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Thread: Flats and sharps in a melody

  1. #16
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    Quote Originally Posted by rbarata View Post
    I didn't understood it either.
    Looking at it again, I think he was basically saying that B# is enharmonic to C.

    True enough, though not really relevant to what you asked (and there are cases where B# rather than C is the correct notation).

  2. #17
    Registered User JonR's Avatar
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    Quote Originally Posted by rbarata View Post
    I was thinking that in the C Key signature, because there are no sharps or flats, it would be enough to place the accidentals in the notes affected by them (and the key signature would take care of the function of the natural). This means that I didn't knew that once you affect a note with an accidental, all the others after would keep it, regardless of key signature used.
    Only in the same bar - and only on the same line or space - as shown in walter's example. The key sig is re-established in the next bar.

  3. #18
    Registered User JonR's Avatar
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    Quote Originally Posted by rbarata View Post
    So what I tought was correct. It's not needed to put an accidental sign before a note already affect by it via the key signature.
    Correct.
    In fact, the word "accidental" (strictly speaking) only applies to sharps, flats or naturals appearing in the music itself, not the sharps or flats in the key signature. (Though to be honest I don't know what name they have...)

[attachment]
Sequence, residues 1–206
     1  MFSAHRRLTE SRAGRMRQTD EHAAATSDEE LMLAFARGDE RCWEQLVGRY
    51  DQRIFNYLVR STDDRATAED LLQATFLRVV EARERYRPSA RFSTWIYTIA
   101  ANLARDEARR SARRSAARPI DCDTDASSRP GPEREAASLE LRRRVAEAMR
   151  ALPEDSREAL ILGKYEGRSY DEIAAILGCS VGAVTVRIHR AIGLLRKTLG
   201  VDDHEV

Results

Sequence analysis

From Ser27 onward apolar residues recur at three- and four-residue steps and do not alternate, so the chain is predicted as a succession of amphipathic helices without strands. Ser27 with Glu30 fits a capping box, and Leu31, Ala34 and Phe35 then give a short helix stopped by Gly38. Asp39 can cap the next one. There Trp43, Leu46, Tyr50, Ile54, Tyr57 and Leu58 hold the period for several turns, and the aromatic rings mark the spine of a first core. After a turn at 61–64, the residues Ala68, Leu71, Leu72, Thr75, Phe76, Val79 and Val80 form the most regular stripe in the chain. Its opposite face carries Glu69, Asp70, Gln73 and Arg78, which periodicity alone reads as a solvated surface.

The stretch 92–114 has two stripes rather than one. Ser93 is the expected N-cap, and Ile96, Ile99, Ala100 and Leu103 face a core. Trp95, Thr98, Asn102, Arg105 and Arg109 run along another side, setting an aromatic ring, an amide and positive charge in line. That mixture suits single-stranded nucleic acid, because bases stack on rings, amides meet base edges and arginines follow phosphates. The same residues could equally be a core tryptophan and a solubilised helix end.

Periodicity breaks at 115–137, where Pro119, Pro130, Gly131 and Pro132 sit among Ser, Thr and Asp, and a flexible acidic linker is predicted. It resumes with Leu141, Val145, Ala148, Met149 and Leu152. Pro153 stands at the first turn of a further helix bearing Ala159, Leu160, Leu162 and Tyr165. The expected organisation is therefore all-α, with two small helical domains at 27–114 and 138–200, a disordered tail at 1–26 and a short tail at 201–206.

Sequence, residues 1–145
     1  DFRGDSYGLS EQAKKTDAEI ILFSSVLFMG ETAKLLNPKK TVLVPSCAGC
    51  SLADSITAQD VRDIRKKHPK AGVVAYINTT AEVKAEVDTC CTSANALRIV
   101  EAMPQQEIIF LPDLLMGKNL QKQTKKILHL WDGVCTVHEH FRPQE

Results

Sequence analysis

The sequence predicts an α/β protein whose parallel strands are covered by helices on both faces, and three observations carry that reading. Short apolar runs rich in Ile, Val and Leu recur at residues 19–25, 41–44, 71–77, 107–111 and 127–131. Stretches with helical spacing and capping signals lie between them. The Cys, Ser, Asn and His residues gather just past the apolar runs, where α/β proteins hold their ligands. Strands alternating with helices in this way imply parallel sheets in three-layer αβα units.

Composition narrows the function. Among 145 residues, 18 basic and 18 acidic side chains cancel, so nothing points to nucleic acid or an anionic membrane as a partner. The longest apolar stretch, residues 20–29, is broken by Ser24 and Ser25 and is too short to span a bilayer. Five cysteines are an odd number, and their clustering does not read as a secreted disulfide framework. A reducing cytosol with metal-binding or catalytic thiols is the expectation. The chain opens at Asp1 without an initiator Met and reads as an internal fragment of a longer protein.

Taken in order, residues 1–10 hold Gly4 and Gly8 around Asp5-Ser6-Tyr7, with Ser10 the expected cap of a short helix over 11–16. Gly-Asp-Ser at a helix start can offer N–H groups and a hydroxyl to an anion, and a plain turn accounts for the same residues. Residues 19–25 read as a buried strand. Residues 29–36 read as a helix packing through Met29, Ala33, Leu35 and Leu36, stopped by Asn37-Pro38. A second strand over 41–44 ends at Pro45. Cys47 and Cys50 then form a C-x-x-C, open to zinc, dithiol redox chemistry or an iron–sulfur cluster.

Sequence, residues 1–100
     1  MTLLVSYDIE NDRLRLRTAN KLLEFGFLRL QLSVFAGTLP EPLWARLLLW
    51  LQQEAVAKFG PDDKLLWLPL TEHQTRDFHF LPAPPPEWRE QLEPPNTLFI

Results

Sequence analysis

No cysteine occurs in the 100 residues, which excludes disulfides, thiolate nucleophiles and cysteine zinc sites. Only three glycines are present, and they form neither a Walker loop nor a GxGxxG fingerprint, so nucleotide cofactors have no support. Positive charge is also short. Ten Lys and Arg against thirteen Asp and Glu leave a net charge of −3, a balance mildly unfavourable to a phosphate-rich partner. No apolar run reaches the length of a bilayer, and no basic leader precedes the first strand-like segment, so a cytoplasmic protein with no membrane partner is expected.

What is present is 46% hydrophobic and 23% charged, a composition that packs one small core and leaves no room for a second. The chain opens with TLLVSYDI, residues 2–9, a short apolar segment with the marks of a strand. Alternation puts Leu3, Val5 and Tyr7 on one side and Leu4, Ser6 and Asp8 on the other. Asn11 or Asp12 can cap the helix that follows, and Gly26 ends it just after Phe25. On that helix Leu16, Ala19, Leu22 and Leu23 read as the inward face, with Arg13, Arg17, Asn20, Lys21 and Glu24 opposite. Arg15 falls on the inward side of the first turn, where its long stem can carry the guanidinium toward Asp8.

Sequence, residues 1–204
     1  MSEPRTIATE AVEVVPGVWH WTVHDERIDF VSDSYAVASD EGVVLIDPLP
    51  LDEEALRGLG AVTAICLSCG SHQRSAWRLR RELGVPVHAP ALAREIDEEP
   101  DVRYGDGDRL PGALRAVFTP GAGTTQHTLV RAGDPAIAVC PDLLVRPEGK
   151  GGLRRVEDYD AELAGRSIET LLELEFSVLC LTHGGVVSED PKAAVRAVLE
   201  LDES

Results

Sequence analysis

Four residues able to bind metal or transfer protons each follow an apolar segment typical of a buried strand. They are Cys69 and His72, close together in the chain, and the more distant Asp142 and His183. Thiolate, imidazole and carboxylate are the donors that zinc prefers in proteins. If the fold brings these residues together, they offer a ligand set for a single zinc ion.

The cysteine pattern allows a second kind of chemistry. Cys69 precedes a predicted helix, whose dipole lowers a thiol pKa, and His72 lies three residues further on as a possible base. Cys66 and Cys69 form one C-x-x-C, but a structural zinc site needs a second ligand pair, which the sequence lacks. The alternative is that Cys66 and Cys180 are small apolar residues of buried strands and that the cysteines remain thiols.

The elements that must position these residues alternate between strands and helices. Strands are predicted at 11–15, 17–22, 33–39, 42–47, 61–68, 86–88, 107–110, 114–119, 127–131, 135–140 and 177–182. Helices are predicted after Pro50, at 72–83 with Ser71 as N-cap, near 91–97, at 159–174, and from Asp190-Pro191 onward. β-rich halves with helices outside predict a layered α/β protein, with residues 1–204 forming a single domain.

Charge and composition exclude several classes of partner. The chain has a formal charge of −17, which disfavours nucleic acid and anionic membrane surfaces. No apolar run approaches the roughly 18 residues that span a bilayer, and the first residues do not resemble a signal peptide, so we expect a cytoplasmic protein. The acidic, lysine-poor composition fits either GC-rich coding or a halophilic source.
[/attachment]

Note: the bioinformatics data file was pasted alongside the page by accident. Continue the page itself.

Quote Originally Posted by rbarata View Post
    Wouldn't it be simpler if, instead of a natural, let the key signature take care of that?
    The key signature does take care of it, in subsequent bars.
    I guess it's evolved that way because it was common for an altered note to apply for a whole bar, but not for later bars - so the simplest rule to cover that was to let an accidental refer to a whole bar, but not to later ones.

    Of course, there are exceptions. But with notation, the best explanation of the rules is that they are designed to be as economical as possible (saving ink, time and space, for writers as well as readers), given the musical conventions of the time.

  4. #19
    Registered User JonR's Avatar
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    Quote Originally Posted by rbarata View Post
    So, the rule is:

    1 - The only signals that have the "power" to put an accidental on a note are the signals themselves or the key signatures.
    Er, yes I think so, if I understand you right. (But what other "signals" could there be?)
    Quote Originally Posted by rbarata View Post
    2 - The only signal that have the "power" to modify any accidental into natural is the natural sign.
    Yes.

  5. #20
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    (But what other "signals" could there be?)
    I was making a distinction (an erroneous one) between flats/sharps and naturals.

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